A conquest game featuring “dwarves, wizards, amazons, giants, orcs, and even humans,” Small World stands out in part because, unlike a lot of designer games, it works well with just two people. Players compete by trying to wipe their opponents off the face of the earth, which, as the title suggests, is too small to fit them all.
Ticket to Ride
One of the more popular titles to emerge from the board game renaissance, this railroad-building game by former Beverly resident Alan Moon consists of a large map of North America, 225 train cars, and a deck of cards. It is simple enough to learn in three minutes, but strategically engaging enough that some elite players have reportedly played through it 60,000 times. Moon has said it was designed to make players choose at every turn between “greed and fear.”
Distinctive for its “cooperative” game play, in which players work as a team instead of competing, Forbidden Island puts players in the role of adventurers gathering treasure on an island before it sinks. The game was born when its Newton-based publisher asked the designer Matt Leacock to come up with something similar to his popular game Pandemic, but with a theme more family-friendly than “diseases destroying the world.”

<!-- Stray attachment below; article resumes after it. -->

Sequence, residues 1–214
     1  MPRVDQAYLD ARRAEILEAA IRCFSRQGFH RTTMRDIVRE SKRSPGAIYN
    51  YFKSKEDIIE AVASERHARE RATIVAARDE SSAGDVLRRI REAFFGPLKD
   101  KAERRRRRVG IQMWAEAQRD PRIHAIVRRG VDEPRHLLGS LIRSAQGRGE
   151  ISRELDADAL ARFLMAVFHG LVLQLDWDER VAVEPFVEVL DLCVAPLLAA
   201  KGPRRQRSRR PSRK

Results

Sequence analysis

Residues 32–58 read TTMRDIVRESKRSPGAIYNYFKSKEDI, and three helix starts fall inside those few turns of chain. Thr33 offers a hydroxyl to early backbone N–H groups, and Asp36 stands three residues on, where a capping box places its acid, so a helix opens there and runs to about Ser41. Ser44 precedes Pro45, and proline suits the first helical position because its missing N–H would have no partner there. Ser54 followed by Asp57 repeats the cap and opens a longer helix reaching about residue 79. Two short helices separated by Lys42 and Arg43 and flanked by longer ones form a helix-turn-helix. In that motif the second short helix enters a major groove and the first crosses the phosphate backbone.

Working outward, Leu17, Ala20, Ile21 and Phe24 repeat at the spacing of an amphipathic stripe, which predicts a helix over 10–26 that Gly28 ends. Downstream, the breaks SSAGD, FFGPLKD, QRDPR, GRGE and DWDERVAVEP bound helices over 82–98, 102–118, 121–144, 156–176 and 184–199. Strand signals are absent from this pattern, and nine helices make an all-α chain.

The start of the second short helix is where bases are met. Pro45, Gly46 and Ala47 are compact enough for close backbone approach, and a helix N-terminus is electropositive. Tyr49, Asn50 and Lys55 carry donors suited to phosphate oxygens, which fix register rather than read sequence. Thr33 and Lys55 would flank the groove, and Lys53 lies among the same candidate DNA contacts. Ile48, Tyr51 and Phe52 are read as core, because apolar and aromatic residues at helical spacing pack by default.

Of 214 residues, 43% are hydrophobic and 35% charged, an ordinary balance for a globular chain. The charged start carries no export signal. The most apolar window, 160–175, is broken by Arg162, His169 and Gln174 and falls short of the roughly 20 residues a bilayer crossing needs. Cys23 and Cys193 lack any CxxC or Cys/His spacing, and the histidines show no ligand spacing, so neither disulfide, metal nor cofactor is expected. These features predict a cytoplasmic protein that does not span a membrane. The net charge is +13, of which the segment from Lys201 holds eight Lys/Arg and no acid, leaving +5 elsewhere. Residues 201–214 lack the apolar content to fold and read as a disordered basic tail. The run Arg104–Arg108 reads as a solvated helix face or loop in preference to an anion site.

Funded through Kickstarter, this game by the Arlington-based indie design studio Asmadi Games takes just 20 minutes to play. The premise is that a king has died, and now rival pretenders to the throne must strategically compete for his spot by garnering loyalty within the kingdom.
Settlers of Catan
The big kahuna. Players build up their bases on an island by trading resources such as grain, lumber, and brick. Since its release in the United States in 1995, Klaus Teuber’s masterpiece has come closer than any other designer board game to breaking through to the mainstream.